Review by Nemesissy

"A challenger approaching?"

Being one of the most hyped games ever isn't ever good. It can lead to massive disappointment, even if the game's great. I personally never get really excited over a game in case I find it to be rubbish. Despite this, I couldn't help but be excited by the sequel to the excellent Super Smash Bros Melee. So here we go.

Brawl follows the same path as it's predecessors. Instead of the traditional 'hammer your opponent until their health runs out', you must increase their damage counter and smash them off the screen. This worked well in previous Smash Bros installments, and does so again in this one.

A large character line-up includes many previous faces, such as the obvious Mario, Link, and Pikchu, etc. It expands on Super Smash Bros Melee's set list by cramming in many new characters and including some older characters. Some new characters you will recognise, some you might not. I won't spoil anything for you though. Unfortunately, due to the large set list, there's a large number of clones. For those who don't know, clones are characters with similar fighting styles or moves. Ganondorf and Captain Falcon from Melee, for example, were clones. And I'm definitely sure Link, Young Link, and Marth from Melee were all designed by the same guy. They move similarly and attack similarly. In Brawl, this problem is intensified due to the large number of fighters. But don't worry, some are unique fighters.

Each character has special moves, just like before. Some are very powerful, while some are useless and do no damage (Seriously). Aside from the Special moves, you have the good old Smash attacks. These are for launching your foe off the arena. You also have your basic punches and kicks. The character list has been evened out, sort of, so that most really strong characters lack speed, such as Bowser, while some weaker characters are very fast, like Fox. You've always got the characters in between, such as Mario. Mario is the type of character beginners will use as he is really the all-round fighter.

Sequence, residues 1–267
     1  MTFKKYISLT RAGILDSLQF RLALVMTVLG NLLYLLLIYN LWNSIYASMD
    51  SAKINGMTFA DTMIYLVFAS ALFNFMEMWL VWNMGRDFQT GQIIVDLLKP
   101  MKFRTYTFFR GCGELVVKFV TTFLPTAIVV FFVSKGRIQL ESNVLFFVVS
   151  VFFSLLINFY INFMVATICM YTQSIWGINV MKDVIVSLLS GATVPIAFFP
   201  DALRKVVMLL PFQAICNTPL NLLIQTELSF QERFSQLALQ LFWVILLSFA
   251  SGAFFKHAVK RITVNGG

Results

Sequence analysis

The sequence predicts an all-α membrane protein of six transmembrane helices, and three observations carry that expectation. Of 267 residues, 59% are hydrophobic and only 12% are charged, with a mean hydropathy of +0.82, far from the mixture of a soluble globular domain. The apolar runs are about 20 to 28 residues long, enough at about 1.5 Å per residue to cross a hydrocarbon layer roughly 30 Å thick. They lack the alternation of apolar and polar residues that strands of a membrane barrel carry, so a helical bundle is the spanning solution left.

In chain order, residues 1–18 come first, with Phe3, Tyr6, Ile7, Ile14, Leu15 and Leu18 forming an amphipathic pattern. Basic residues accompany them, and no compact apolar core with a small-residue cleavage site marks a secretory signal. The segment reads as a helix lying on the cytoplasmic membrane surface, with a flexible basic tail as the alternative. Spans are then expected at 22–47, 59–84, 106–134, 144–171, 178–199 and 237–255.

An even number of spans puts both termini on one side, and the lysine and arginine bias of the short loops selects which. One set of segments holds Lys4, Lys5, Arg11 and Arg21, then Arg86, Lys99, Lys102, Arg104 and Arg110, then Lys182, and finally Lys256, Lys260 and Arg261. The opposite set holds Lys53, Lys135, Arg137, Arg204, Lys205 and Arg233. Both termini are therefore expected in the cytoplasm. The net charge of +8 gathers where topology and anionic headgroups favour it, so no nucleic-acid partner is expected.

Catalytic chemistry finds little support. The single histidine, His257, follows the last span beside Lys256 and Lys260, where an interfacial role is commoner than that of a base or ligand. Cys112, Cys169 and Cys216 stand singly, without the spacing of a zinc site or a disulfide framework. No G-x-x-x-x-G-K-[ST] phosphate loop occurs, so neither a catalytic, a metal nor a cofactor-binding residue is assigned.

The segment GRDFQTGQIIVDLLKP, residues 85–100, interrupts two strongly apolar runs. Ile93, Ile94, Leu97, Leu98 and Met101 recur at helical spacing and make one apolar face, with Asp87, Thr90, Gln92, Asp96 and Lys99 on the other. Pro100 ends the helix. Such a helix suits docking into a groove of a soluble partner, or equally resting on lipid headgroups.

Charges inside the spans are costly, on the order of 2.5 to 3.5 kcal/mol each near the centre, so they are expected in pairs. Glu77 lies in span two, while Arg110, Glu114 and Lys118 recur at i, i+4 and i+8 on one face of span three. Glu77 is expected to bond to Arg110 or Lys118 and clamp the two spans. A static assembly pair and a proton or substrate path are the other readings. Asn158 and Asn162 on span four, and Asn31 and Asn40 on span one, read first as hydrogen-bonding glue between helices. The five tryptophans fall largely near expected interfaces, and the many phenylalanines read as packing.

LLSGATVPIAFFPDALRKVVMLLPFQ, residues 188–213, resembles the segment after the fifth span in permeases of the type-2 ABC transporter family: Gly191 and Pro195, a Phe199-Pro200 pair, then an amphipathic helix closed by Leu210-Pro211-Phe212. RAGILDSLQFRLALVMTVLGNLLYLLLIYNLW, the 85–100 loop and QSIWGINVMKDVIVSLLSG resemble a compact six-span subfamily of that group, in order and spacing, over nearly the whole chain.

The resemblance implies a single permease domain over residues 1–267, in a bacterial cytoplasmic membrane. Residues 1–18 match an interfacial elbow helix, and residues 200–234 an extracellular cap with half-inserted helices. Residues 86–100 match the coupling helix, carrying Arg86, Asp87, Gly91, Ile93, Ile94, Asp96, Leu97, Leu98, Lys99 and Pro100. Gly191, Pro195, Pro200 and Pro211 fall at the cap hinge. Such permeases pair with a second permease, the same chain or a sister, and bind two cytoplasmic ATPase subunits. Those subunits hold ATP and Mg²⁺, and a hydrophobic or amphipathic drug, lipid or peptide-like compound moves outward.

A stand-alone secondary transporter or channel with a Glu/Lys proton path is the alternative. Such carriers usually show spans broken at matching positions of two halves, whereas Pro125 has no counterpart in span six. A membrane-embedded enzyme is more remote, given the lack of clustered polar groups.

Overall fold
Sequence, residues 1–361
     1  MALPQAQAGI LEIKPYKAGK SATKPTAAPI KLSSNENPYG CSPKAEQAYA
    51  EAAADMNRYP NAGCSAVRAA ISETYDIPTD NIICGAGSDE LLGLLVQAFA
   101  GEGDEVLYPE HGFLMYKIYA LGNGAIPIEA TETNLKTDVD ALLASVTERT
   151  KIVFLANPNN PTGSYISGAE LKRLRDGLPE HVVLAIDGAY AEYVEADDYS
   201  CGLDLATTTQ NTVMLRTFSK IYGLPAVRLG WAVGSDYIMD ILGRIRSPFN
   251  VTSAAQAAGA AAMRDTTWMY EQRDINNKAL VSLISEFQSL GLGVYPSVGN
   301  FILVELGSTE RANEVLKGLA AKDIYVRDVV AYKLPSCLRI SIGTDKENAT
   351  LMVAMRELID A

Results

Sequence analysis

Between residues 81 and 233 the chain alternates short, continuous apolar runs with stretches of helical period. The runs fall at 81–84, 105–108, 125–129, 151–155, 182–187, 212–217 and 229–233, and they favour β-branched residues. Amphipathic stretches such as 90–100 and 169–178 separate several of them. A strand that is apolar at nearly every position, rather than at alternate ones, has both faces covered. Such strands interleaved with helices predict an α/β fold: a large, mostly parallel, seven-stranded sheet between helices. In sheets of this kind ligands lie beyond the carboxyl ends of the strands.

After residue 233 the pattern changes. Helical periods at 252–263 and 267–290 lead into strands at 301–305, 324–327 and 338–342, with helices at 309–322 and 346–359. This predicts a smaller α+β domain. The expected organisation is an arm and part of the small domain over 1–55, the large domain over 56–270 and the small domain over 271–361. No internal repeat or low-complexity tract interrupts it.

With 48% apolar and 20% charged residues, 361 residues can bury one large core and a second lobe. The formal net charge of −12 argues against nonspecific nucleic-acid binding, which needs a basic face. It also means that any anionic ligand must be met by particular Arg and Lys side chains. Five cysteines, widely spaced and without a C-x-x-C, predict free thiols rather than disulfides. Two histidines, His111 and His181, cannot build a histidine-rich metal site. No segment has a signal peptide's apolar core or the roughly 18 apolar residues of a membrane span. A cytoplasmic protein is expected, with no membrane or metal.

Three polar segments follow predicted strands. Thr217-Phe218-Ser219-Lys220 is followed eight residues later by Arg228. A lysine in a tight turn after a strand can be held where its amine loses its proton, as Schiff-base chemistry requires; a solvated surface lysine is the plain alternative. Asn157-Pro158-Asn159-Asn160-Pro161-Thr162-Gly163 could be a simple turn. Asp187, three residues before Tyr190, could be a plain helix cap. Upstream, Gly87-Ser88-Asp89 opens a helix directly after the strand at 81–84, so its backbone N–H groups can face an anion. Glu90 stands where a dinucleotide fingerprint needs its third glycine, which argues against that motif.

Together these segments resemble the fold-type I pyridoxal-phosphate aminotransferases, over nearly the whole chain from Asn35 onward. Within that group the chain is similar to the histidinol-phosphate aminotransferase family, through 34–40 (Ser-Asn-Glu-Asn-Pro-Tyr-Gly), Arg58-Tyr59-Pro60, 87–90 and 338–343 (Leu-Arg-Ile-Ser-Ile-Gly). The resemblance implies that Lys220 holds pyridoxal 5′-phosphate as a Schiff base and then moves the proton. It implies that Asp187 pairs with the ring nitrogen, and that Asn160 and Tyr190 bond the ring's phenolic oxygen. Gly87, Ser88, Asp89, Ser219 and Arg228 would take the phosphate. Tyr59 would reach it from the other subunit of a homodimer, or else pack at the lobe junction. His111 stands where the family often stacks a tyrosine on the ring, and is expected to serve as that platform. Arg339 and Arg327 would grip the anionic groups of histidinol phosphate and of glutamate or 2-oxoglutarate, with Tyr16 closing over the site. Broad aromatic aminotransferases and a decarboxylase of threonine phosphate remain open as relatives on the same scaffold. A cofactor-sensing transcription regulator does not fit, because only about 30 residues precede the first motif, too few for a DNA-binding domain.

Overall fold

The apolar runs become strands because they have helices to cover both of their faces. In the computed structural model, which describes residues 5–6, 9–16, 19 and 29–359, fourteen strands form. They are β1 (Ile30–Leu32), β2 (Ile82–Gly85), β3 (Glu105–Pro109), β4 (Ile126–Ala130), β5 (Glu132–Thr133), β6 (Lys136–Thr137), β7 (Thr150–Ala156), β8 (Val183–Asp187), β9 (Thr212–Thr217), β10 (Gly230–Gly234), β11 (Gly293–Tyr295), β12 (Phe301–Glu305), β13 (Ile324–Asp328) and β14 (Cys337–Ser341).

The good old Melee mode from Melee has been renamed Brawl, for obvious reasons. Here you pick your character, opponents, type of fight, stage, and then get brawling. Significant changes in the fights from Melee. Fights are slower, and not the insane smash-fest from Melee. It can be harder to KO your foes. This is a slight disappointment, as many will love the fast-paced fighting, but this slower fight may suit the more strategic fighters. The AI levels are stronger than before. In Melee, you had 9 levels of difficulty. Same here, except this time, the levels are far stronger. Where in Melee, the Level 1 foes simply walked into your punches, the Level 1 foes in Brawl actually put up a fight. They will hurt you if you give them the chance. The Level 7, 8 and 9s are just insanely difficult and require skill to defeat them. One thing you may have noticed is that AI enemies focus their attacks on you. You may notice this and dismiss it as paranoia as an AI enemy chases you to use it's Final Smash on you, but it's not paranoia. The AI really is programmed to fight you more than other AI enemies. It gives the feeling of injustice and can feel unfair. The AI is not that smart either. Melee's AI was much better. Aside from that, fights aren't much different from Melee. Fights are still great fun, even more when played with other people. The large selection of items also piles on the fun, and it's always worth showing off how cool your Jigglypuff is.

And then we have the Final Smashes. The Final Smash ball appears and floats around the stage. You must hit it until it breaks and you can use your Final Smash. Each character has their own Final Smash. Whenever this thing appears, every fighter races towards it and it's a mad scramble as each fighter tries to get that all important hit to break it open. Final Smashes are, for the most part, devastating. Some, like Peach, are rubbish and don't do much. But some, for example Samus' Zero Laser, can wipe the stage clear with an enormous laser. They are really visual feasts, although not that fun when your character is on the end of a huge fireball launched t you by Mario. A nice little item that can be turned on and off like other items, although they do become a bit of a gimmick. Don't deny their power and usefulness though. they can really help you at times.

The stages themselves are more focused on visual effects, rather than hazards on the actual stage. This is emphasised more by the inclusion of several Melee stages. The visual effects are really nice though, but it can seem like each stage is lacking the imagination of Melee's stages.